First question: (googled: storm (cause OR source OR origin)) I have a mostly-ocean world (ie 90% or so ocean) with no real above-water mountains (or, for that matter, much in the way of land plants, though that may be effect rather than cause), and an unusual degree of atmospheric electrical activity. Is that enough to explain near-constant storms, ranging in severity from thunderstorms to superhurricanes? If not, what else do I need?
Second question: (googled: meteorology terminology) (don't know enough to make any real use of the results) What kind of technobabble would my space shuttle pilot character use in explaining the severe storms and other atmospheric to a generally knowledgeable layman riding with him? Other than mention of "a lot of electrical activity in the ionosphere", I'm not sure if there's anything I should be saying. Said pilot wouldn't necessarily entirely *understand* all the technobabble, but he's probably been shuttling around the terraforming crew who *would* be using and understanding it. So even something like "The tech types said something about inversion layers" would work.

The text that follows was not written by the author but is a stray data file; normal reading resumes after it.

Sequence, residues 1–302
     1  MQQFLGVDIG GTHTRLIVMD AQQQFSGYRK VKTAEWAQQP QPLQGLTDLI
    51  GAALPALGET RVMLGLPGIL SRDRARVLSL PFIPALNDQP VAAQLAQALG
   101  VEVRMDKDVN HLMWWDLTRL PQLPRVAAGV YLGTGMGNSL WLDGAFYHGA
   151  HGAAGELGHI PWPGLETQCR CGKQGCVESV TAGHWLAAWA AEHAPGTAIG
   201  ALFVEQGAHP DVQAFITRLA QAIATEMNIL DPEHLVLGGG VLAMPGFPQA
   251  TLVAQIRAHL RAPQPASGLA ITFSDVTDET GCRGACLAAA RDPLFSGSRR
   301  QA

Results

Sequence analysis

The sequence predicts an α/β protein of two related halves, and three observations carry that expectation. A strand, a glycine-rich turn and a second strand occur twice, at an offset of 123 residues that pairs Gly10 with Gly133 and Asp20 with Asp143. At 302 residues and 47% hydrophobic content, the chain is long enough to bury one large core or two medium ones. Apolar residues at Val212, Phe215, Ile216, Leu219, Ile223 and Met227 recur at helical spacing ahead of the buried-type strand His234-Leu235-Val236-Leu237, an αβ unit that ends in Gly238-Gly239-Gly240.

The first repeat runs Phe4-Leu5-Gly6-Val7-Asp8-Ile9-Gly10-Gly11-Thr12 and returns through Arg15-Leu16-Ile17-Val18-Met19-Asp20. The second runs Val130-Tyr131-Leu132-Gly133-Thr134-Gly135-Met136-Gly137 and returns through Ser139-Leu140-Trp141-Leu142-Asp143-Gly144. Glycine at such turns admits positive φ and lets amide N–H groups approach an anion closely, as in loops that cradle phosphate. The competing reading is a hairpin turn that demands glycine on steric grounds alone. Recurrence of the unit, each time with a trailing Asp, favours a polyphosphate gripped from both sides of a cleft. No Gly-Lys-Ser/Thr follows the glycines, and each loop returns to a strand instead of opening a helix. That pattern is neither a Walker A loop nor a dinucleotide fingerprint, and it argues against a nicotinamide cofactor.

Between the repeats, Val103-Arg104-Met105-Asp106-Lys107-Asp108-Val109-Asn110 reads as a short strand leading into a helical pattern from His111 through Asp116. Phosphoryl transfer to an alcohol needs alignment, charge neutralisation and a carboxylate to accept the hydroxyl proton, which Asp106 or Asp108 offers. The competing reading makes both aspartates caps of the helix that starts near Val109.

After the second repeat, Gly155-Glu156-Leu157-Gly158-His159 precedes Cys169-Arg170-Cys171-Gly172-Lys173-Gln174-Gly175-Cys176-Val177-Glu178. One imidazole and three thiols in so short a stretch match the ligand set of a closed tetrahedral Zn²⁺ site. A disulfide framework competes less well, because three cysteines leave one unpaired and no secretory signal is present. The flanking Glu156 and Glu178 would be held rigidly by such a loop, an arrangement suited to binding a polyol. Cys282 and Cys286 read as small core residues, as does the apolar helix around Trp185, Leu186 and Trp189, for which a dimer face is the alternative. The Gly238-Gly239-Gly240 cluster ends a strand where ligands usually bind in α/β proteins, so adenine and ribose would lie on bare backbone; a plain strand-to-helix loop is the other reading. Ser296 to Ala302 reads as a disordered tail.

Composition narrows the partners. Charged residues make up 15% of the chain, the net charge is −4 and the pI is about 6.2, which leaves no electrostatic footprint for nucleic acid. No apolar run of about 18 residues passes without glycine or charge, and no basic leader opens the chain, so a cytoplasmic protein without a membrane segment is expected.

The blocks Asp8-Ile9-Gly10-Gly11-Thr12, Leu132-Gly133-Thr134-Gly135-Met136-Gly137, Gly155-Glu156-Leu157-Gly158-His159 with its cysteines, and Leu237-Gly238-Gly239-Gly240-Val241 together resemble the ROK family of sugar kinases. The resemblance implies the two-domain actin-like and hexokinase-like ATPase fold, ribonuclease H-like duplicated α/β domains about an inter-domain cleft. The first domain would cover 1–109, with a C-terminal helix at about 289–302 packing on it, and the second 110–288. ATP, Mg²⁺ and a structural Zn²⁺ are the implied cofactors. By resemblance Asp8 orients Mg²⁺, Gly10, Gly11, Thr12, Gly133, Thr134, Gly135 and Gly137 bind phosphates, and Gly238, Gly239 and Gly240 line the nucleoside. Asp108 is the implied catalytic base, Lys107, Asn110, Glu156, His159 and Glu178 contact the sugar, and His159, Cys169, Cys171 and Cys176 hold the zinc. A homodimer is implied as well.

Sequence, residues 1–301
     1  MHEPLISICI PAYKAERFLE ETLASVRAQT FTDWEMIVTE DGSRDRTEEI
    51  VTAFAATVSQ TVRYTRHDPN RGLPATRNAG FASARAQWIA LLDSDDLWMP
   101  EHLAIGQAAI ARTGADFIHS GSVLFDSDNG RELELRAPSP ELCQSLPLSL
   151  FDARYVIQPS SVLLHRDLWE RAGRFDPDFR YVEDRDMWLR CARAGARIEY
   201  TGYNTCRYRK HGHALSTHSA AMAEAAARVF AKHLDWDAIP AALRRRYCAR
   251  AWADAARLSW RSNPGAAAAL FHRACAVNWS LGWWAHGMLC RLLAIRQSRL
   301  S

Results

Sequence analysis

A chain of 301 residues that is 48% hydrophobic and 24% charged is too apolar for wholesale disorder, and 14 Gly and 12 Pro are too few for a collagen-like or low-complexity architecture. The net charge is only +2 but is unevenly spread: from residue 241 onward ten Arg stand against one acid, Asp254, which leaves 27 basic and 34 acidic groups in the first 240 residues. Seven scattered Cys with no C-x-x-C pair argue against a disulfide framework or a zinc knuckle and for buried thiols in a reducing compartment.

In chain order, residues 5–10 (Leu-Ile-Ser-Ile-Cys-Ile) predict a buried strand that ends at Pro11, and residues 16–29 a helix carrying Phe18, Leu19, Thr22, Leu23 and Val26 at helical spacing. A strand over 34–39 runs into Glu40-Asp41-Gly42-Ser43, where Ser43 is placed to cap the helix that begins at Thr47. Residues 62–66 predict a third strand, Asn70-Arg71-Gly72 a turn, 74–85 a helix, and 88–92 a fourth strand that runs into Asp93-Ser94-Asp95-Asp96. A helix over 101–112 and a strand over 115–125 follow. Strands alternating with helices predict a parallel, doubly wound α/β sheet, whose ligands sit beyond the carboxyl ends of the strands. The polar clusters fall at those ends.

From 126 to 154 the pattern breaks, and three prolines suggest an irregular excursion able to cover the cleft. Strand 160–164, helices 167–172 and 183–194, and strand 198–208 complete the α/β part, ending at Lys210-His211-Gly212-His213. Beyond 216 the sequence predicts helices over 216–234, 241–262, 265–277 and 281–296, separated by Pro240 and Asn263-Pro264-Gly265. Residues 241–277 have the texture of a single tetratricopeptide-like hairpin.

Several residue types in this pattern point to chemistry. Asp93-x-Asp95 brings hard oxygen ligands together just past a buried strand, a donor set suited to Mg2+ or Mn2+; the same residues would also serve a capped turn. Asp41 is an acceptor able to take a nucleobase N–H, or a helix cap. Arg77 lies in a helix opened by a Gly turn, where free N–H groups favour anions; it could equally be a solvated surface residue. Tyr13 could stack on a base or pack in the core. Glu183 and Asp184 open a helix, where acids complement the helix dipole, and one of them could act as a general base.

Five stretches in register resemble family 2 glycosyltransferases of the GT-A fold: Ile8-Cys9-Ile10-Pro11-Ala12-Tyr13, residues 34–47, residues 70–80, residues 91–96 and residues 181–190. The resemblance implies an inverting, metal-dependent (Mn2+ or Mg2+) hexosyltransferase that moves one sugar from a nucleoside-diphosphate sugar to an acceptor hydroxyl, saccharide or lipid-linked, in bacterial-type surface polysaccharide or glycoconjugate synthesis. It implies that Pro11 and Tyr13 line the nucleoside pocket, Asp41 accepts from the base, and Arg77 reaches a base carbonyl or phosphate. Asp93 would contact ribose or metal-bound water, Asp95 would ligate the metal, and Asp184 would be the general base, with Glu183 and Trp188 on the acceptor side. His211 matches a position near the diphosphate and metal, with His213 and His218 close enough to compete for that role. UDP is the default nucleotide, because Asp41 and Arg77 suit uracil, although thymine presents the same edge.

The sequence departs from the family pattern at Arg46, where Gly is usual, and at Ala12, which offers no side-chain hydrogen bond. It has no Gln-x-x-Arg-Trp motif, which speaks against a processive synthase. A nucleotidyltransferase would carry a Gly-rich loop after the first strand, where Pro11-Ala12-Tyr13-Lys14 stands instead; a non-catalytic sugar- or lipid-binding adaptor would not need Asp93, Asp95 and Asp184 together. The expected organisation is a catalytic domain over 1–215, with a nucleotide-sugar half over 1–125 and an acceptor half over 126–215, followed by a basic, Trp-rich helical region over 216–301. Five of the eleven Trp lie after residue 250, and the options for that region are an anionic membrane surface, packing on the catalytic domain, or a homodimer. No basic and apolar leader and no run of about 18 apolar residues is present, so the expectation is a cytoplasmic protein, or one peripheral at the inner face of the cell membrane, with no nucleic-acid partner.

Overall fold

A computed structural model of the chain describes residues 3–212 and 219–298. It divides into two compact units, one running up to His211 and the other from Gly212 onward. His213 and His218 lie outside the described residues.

Also... since I'm posting anyway, might as well get other brains on this... any particular ideas for a Really Embarrassing, but essentially harmless, character trait my pilot character can have? Something on the order of, oh, still wearing superhero pajamas, or having a sock-puppet fetish, or something.
So. Our Heroes are in a surface-to-orbit shuttle, that is also designed to be a decent general air transport (this company does terraforming for a living, basically, they'd need things like that). Aside from 1. additional gyroscopes/stabilizers, 2. the ability to land on water, then easily go from water to land once a shore is reached, and 3. extra cutouts/protections to keep the fiddly electronic bits from getting fried from lightning or whatever... what features/adaptations should the shuttle have for this world, that would differentiate it from a normal terraforming shuttle? Assume that orbit is reached via handwavium, rather than massive chemical rockets...